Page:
Carpio sees nothing unconstitutional in TOR on PH-China joint oil, gas exploration deal

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Metro Manila (CNN Philippines, August 26) — There is nothing unconstitutional in the terms of reference (TOR) that the Philippines has signed with China on a 2018 memorandum of understanding (MOU) on cooperation on oil and gas development, Senior Associate Justice Antonio Carpio said Monday.

He said the document was signed by Foreign Affairs Secretary Teodoro “Teddy” Locsin and Chinese Foreign Minister Wang Yi, who will both also head the steering committee that will oversee the negotiations of all joint projects.

In a forum in Davao City last Friday, Carpio revealed that Locsin signed the TOR three weeks ago, but did not provide details.

“I have read the TOR, but I promised not to divulge the contents except to say that the TOR complies with the MOU,” Carpio told CNN Philippines in a message.

The Senior Associate Justice also told the forum that President Rodrigo Duterte and Chinese leader Xi Jinping could name the members of the steering committee that would supervise negotiations for all joint projects in their meeting this week.

READ: Carpio: PH signed terms of reference on joint oil and gas exploration deal with China

Duterte will hold talks with Xi on Wednesday during his working visit to Beijing. The President earlier said he would raise the controversial arbitral ruling on the maritime dispute in the South China Sea which favored the Philippines, the MOU, and other bilateral issues during his meeting with Xi.

Duterte has long pushed for a joint oil exploration with the Asian giant, under a 60-4O sharing arrangement, with the Philippines taking the bigger chunk.

A highly-reliable source told CNN Philippines that the TOR sets up the inter-governmental steering committee and inter-entrepreneurial working groups provided in the MOU signed in November last year. Government officials, relevant agencies, and other individuals from both the Philippines and China will be part of these groups.

READ: EXCLUSIVE: MOU for talks on joint oil exploration 'without prejudice' to PH, China legal positions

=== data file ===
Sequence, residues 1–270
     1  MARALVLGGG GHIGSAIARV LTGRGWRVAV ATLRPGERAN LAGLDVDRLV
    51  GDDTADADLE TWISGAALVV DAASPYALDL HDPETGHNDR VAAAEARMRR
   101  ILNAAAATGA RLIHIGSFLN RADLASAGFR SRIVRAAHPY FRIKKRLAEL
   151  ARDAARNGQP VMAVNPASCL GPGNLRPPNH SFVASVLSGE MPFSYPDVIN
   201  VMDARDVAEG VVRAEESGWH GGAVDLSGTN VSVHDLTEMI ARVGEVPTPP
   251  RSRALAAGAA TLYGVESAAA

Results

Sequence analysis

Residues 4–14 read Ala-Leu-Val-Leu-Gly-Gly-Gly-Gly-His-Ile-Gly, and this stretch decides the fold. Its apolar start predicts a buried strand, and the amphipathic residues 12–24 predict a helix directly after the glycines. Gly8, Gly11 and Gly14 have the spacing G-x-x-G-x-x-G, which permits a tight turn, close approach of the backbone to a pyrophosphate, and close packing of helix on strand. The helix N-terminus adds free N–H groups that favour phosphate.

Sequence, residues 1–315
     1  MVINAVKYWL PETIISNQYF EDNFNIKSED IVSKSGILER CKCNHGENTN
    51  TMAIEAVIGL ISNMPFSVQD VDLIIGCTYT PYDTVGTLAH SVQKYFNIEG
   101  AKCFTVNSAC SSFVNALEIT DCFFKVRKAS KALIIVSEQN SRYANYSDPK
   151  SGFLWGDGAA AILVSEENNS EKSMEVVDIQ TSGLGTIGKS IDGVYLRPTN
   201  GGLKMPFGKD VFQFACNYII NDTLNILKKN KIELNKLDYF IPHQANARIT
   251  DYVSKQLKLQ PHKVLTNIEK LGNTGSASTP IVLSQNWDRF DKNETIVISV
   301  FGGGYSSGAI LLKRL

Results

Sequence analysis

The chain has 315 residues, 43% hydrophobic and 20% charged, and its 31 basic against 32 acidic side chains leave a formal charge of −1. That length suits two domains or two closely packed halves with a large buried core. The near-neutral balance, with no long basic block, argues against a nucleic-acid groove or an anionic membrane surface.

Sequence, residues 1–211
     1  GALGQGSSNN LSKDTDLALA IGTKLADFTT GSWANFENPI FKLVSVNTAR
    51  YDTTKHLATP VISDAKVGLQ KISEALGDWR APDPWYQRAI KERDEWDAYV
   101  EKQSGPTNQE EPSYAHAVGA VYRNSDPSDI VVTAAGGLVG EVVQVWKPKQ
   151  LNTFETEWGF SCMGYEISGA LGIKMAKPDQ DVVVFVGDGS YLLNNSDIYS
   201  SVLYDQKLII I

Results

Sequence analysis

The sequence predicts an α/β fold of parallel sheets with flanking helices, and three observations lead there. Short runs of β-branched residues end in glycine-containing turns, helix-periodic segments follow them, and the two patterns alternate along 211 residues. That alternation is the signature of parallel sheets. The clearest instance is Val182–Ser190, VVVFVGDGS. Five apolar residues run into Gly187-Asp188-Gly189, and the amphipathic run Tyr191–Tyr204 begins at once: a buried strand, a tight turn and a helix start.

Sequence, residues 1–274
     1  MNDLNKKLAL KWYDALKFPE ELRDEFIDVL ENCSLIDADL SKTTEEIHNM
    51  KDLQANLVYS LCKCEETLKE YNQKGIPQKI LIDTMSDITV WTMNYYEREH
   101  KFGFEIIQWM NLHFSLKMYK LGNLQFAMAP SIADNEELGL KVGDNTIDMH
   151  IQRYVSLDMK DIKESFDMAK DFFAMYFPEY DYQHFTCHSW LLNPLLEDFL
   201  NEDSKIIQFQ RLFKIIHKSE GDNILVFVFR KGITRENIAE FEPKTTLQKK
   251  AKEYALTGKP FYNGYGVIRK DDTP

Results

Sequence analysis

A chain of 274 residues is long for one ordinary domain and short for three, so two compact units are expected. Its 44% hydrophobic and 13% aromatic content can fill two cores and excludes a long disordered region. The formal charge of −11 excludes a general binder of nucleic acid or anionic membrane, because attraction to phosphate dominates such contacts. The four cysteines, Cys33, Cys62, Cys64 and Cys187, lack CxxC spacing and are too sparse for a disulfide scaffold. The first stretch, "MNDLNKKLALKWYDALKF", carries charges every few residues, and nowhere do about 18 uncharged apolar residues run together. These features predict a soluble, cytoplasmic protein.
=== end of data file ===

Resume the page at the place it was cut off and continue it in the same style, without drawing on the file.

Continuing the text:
The working groups would consist of representatives from enterprises authorized by the two governments. Beijing had appointed the state-owned China National Offshore Oil Corporation (CNOOC) as its representative in all working groups. The Philippines,

on the other hand, will assign the company that has a service contract with the government. If there are no such enterprises, the Philippine National Oil Company - Exploration Corporation will represent the country.

The enterprises will nominate representatives who will be part of and lead the working group, which will have the authority to hold inter-entrepreneurial commercial and technical arrangements.

Under the TOR, which has been seen by CNN Philippines, the committee and working groups will hold a meeting every three months on agreed dates and venues.

With the signing of the TOR, Carpio said the two countries “can move forward by designating the members” of the committee and working groups.

If a working group is assigned to Service Contract 72 covering the Reed Bank, CNOOC could become a partner in the project with the Philippine firm, Forum Energy,

"If the MOU and TOR are implemented, then China impliedly admits Philippine sovereign rights in Reed Bank in exchange for China’s right to be a service contractor with 40 percent share in the income," Carpio was explained.

This, he said, "can be the template for an agreement among all disputant states.”

Philippines is among six parties with overlapping claims over the strategic waters of the South China Sea, along with Vietnam, Malaysia, Taiwan and Brunei.